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Curriculum PLUS

valid from the 2019/20 school year

G7 Learning area 1: Methods and working techniques

The students apply basic Methods and working techniques of the subject of history in the implementation of the learning areas G 7.2 to G 7.8. They use the Basic data and terms from the history of the Middle Ages to the time of absolutism, in order to orientate oneself in time and to be able to form a meaningful narration on the chronology of the grade.
Competence Expectations

The students ...

  • develop sources by means of prepared questions and put them first source-critical questions to the author. In particular, they delimit image and material sources (e.g. leaflets from the time of the Reformation) from later ones Historical images (e.g. history pictures) and Reconstructions from.
  • form historical Narratives, possibly. with design and creative standards (e.g. comic, reconstruction picture, radio play script), in which they supplement the Christian-Eurocentric view with further perspectives, such as B. View of the Jews, the Muslims, the South and Central American natives, the Africans or the Ottomans.
  • examine simple statistics and Diagrams (e.g. on the social history of the city) and Graphs (e.g. for building society) and explain or complete history cards, such as B. to territorial changes or voyages of discovery.
  • use characteristics typical of the Romanesque, Gothic and Baroque periods to describe selected buildings (possibly the home area) in terms of their shape and function.
  • use both printed and selected digital media (e.g. suitable websites) in order to find specific answers to historical questions.

G7 Learning area 2: Life and rule in the Middle Ages (approx. 20 hours)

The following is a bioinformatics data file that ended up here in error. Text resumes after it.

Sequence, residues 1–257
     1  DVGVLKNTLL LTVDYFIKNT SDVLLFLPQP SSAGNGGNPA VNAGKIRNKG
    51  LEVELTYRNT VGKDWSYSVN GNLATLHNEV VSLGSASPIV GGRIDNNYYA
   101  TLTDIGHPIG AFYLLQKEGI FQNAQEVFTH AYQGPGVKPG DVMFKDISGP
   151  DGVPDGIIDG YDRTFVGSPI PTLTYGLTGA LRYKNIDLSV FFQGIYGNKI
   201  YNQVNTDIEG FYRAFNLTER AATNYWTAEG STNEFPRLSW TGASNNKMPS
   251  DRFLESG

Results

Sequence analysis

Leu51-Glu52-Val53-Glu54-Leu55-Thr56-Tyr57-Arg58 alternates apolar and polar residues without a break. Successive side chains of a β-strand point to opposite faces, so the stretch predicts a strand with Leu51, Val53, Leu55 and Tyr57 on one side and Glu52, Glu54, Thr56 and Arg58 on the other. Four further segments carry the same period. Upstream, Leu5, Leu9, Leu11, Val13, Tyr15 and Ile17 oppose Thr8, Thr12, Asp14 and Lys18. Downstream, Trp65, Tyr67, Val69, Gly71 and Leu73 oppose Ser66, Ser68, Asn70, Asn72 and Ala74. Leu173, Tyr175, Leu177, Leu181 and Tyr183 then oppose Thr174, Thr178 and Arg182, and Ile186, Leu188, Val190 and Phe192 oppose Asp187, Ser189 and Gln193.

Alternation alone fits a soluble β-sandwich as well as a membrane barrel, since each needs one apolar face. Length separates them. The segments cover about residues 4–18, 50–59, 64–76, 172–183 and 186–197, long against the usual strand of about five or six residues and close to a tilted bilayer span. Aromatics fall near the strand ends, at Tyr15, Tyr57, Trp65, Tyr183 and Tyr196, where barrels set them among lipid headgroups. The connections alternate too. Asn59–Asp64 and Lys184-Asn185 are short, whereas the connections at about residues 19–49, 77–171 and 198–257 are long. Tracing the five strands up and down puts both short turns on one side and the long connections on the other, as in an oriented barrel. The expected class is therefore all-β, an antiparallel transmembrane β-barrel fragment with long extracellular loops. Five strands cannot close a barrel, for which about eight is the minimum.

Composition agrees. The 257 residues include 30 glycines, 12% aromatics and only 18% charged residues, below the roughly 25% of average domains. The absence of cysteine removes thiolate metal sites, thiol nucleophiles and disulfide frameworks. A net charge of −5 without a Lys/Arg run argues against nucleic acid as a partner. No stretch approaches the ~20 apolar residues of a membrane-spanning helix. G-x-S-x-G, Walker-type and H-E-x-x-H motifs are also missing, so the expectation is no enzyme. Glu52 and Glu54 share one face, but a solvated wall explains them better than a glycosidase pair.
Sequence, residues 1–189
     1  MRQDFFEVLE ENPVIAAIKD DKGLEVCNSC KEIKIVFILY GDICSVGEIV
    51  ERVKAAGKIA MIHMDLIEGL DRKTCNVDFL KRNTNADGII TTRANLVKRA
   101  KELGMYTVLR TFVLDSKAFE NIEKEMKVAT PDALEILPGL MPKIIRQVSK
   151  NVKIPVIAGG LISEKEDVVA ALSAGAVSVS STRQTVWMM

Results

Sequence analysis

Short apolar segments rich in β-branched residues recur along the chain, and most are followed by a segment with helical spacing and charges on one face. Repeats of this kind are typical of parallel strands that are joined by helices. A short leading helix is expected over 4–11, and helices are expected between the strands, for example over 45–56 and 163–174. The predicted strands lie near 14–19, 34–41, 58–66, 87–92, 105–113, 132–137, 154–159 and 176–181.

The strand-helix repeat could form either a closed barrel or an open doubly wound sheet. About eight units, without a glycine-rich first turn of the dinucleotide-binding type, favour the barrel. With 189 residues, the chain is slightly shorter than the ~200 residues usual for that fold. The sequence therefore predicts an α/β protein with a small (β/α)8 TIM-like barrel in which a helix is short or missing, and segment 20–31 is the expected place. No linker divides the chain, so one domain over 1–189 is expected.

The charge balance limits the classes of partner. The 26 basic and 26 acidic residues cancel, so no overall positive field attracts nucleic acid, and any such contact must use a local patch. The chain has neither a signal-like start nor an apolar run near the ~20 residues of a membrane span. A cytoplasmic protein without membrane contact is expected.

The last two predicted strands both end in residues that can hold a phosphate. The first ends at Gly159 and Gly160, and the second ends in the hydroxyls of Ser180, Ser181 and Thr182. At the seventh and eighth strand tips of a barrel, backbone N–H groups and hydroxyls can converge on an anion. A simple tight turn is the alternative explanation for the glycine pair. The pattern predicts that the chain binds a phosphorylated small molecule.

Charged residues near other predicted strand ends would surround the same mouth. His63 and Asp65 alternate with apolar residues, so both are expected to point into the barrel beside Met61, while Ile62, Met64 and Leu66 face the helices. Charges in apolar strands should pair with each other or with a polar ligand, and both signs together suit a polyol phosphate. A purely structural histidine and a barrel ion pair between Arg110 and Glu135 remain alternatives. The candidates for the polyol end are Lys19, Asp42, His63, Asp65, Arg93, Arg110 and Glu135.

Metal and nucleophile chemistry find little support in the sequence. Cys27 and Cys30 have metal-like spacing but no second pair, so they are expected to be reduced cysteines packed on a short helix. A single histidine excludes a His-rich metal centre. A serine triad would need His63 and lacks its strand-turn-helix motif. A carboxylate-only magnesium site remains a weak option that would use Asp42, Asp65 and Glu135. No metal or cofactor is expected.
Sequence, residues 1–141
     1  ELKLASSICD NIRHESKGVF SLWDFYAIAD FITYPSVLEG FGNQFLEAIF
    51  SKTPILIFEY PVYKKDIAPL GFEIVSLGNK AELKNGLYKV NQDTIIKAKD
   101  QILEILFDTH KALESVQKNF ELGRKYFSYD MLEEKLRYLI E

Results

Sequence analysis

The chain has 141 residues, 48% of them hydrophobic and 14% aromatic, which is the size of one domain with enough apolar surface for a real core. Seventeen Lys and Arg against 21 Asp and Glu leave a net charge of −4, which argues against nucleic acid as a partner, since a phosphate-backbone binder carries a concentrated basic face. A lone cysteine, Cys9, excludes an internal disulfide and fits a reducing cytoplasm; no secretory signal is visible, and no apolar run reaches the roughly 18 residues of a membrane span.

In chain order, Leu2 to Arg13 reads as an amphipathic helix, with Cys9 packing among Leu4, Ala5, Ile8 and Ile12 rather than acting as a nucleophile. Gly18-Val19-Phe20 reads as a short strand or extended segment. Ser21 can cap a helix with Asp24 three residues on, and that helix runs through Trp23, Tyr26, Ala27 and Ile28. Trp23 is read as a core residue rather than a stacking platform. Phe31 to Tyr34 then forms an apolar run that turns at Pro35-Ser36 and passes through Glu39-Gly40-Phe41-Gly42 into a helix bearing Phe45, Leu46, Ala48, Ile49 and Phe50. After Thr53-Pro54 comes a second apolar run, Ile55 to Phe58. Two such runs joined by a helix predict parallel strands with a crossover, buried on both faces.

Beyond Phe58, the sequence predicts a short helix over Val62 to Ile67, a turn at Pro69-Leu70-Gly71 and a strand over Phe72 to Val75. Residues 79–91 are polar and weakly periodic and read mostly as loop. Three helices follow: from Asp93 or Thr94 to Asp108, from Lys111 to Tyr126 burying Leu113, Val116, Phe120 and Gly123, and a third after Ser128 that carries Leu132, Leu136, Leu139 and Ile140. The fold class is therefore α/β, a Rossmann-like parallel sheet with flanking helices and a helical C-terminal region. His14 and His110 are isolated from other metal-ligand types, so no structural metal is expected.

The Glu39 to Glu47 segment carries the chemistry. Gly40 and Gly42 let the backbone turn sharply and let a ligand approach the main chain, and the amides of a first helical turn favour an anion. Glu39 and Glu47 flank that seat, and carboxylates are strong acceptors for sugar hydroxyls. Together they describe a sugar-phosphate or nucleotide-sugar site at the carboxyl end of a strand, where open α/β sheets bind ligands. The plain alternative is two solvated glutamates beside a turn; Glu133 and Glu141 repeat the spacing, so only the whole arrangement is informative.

Competence Expectations

The students ...

  • recognize that through the Christian forms of life and rule as well as through the historical developments in the middle Ages important foundations of European culture and statehood were created. To do this, compare the im middle Ages existing close connection between Christian religion and political rule with the situation in a modern state.
  • examine z. B. on the basis of simple history maps and diagrams different structures and developments of the Middle Ages (e.g. travel royalty, territorialization).
  • evaluate simple pictorial and written sources on the emergence of the Ottonian Empire and on the Investiture Controversy to understand the different ways in which rulership is justified.
  • use simple examples of architecture (e.g. on churches and stately homes) and court culture to examine the Christian imagery and symbolic language and the medieval world in order to identify the relics of that time that are still visible in our cultural environment and theirs to assess cultural value.
  • analyze the reasons and causes for the urban boom (e.g. using contemporary image and text sources) and verbalize various aspects that shape urban life as well as the structures and peculiarities of the medieval city (e.g. in a city museum or in a City exploration).
  • record external threats to which people were exposed in the Middle Ages (e.g. epidemics, bad harvests) and examine how people dealt with these challenges.